Ages at Death

A requirement for all deaths appearing on the Registers of Deaths is that the deceased's age at death must be stated. On the face of it this is a huge bonus for researchers, allowing us to differentiate between the several, for example, John Reynolds deaths that occur in any one year.

The reality is somewhat different. As already stated under Births and Baptisms there was a great deal of uncertainty regarding people's ages at all points during the 19th Century and indeed until well into the 20th Century. People, such as my great-grandparents, aged about 17 years in the decade between the 1901 and 1911 Censuses.

Stated ages at death are frequently wrong. The causes are many, for example:

  • Simple poor numeracy
  • The birth year of the deceased not even known with any certainty by his or her family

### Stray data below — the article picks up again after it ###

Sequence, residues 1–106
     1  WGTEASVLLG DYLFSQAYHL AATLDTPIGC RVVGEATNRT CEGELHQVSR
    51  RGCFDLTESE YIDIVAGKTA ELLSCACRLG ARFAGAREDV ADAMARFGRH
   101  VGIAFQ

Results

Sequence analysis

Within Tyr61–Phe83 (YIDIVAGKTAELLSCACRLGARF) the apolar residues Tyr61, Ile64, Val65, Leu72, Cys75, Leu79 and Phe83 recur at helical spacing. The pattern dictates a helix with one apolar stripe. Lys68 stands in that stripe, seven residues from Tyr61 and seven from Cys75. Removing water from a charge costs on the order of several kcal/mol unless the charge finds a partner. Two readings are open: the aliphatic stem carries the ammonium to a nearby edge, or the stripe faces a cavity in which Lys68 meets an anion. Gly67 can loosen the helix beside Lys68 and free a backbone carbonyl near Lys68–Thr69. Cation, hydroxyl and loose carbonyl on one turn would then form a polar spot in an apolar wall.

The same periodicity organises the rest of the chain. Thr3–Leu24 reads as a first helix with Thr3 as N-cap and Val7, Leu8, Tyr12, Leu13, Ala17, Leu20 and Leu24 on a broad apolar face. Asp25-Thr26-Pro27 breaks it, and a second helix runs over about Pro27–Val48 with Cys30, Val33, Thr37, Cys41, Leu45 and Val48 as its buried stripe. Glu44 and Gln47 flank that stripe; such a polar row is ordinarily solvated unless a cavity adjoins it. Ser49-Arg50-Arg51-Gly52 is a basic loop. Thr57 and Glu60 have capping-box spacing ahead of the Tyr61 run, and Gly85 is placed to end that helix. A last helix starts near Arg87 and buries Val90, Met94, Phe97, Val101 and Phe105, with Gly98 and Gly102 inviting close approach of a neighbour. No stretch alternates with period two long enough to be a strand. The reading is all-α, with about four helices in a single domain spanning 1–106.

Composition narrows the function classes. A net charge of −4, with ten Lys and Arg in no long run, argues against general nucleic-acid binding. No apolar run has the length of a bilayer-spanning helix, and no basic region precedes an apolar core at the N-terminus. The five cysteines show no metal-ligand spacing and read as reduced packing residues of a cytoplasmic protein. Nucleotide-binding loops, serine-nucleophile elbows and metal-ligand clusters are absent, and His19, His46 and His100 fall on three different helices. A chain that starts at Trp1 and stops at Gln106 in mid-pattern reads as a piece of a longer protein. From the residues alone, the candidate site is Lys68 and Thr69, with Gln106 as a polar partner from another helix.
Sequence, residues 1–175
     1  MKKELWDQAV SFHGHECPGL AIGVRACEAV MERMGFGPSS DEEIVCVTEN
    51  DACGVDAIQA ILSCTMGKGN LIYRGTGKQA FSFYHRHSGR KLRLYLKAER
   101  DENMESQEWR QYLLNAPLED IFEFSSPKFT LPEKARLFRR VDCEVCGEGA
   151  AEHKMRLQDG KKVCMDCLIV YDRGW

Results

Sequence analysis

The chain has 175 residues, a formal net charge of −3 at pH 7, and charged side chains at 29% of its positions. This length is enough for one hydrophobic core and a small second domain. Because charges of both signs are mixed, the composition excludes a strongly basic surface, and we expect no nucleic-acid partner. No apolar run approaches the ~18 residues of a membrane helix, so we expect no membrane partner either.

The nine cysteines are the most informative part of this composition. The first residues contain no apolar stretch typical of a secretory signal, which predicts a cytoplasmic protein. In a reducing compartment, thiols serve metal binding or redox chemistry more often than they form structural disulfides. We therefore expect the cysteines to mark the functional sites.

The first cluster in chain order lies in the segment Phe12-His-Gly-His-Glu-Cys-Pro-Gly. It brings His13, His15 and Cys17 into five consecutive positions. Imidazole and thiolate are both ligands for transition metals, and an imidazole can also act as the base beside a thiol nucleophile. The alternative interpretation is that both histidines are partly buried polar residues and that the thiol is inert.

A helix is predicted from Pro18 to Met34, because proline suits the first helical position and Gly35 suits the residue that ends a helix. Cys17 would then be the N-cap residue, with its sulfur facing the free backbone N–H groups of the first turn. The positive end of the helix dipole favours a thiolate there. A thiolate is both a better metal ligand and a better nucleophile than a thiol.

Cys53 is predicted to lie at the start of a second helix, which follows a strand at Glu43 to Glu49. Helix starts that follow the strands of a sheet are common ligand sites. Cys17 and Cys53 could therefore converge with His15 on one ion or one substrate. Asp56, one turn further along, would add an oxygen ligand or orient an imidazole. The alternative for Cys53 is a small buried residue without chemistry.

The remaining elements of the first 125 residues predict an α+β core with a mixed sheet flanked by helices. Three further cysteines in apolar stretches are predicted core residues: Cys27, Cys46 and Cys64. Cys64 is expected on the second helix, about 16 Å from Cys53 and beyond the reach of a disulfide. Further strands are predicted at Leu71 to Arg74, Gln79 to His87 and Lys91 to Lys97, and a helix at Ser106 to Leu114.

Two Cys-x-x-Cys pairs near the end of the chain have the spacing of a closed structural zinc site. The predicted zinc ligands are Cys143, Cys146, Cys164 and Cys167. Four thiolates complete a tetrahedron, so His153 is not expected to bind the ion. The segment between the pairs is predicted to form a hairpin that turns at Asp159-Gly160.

• The age was entered by somebody not of the person's family. This happened frequently with people who lived alone prior to death or who died in a hospital or workhouse.

This inaccuracy is not confined by any means to Co Leitrim. A rule of thumb I developed over several years of professional research was to be immediately suspicious of any stated age that ended in a 0 or a 5, or else one that subtracted from the death year gave a birth year that ended in a 0 or a 5.

Overall this point is well worth labouring. If a death is found of a person of the expected name in the expected place, and even better when the informant is a known family member, then even if the stated age at death is wrong, I have taken this to be the correct death record and I would recommend that any researcher adopts, with necessary caution, a similar approach.